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IBM is investing $1bn in Watson to generate more revenue from cognitive computing

IBM is investing $1bn in Watson to generate more revenue from cognitive computing

Following IBM’s announcement in November last year that the company would open its cognitive supercomputer Watson to third parties to develop their own applications and cloud-services on the platform, the tech giant announced Thursday a combined $1bn investment into the Watson that includes a shiny new office in New York, and a lot of engineering and marketing resources.

IBM’s Watson, the cognitive intelligence computing platform that most remember from a brief but successful stint on the US hit show Jeopardy in 2011, has been struggling to generate revenue since its inception.

According to conference call transcripts reviewed by the Wall Street Journal Watson has only generated generate $100m over the past three years, well short of the $1bn annually its executives suggested the platform could rake in.

In a bit to bolster those numbers IBM is putting $1bn into a new Watson business unit, to be housed at a brand new office in New York City.

The business unit will include over 2,000 IBM engineers and technical professionals to work on platform development, and work with external companies looking to innovate on top of it.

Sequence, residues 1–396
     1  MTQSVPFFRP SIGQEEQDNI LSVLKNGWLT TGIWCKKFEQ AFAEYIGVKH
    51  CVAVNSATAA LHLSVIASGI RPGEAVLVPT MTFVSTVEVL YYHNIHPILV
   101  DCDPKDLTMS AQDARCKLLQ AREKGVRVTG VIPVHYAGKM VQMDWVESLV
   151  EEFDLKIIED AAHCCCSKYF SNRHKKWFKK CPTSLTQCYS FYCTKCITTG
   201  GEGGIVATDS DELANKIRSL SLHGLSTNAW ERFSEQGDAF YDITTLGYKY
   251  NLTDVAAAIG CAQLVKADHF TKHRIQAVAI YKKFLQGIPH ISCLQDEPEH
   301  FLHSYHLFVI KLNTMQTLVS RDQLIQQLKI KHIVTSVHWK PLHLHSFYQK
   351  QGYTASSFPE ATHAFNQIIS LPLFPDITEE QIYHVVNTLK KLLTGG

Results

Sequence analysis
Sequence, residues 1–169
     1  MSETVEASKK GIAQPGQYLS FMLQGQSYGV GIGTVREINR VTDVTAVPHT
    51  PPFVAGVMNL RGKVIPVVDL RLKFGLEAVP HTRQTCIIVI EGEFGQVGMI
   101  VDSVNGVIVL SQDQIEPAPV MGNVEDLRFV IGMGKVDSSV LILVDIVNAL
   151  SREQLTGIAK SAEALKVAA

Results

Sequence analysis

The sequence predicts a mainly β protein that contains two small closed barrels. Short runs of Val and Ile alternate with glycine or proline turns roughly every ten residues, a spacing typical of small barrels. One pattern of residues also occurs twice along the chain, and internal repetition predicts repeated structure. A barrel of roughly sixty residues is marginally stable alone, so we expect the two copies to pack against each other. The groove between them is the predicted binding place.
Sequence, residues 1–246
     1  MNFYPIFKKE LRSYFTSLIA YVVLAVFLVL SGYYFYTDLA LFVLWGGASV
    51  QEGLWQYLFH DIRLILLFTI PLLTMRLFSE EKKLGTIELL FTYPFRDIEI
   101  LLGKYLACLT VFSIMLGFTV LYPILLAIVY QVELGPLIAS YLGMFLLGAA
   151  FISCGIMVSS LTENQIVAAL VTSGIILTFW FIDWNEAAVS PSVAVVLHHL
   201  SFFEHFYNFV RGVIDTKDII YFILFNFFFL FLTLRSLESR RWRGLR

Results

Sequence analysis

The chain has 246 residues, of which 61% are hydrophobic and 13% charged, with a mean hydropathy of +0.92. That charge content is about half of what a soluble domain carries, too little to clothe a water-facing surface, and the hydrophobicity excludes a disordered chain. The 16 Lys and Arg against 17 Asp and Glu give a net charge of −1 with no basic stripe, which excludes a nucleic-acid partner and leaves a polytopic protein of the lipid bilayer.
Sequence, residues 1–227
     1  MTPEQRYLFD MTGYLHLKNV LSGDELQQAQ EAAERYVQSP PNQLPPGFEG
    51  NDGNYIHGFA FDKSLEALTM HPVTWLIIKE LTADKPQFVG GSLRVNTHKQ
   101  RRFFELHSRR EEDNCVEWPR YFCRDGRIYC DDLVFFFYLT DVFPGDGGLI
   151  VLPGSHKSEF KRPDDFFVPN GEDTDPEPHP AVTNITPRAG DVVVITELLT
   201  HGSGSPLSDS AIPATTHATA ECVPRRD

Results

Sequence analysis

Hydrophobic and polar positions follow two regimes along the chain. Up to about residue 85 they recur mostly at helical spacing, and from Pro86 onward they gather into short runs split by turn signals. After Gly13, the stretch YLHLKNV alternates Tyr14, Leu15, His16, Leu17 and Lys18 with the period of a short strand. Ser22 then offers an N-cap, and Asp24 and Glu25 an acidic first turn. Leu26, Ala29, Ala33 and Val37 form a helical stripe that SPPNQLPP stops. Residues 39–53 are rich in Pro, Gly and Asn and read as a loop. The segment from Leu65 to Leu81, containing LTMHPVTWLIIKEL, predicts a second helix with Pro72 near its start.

The company is also setting aside $100m in venture capital investment to facilitate companies looking to innovate on top of the Watson platform.

“Watson is the solution to today’s influx of information, delivered from the cloud and ready to be the ultimate advisor for faster, more accurate decisions,” said Michael Rhodin, senior vice president of the IBM Watson Group. “By bringing a new generation of Watson-powered services to the marketplace, IBM is transforming industries and professions.”

“These new cognitive computing innovations are designed to augment users’ knowledge, be it the researcher exploring genetic data to create new therapies or a business executive who needs evidence-based insights to make a crucial decision,” he said.

In November the company announced that it was opening up the Watson platform for third party developers to build cloud-based applications which tap into its robust cognitive abilities. IBM said it could hold promise in a range of verticals, particularly health care and banking.

IBM executives said part of the challenge of monetising the platform is that it isn’t currently compatible with many other computing platforms, including the platform deployed by SoftLayer, the cloud computing giant it acquired last year. This was one of the reasons why several high-profile projects developed on the Watson platform fell through last year, and something IBM hopes to rectify as it invests more engineering resources into its development and expands its pitch to companies looking to build more interactive applications capable of making customer-to-business relationships more intuitive.

Cognitive computing takes most technologies used to collect and metabolise big data a step further by making it more immediately actionable, and it is seen by IBM to have massive revenue-generating potential. The company hopes to rake in over $10bn from Watson by 2018.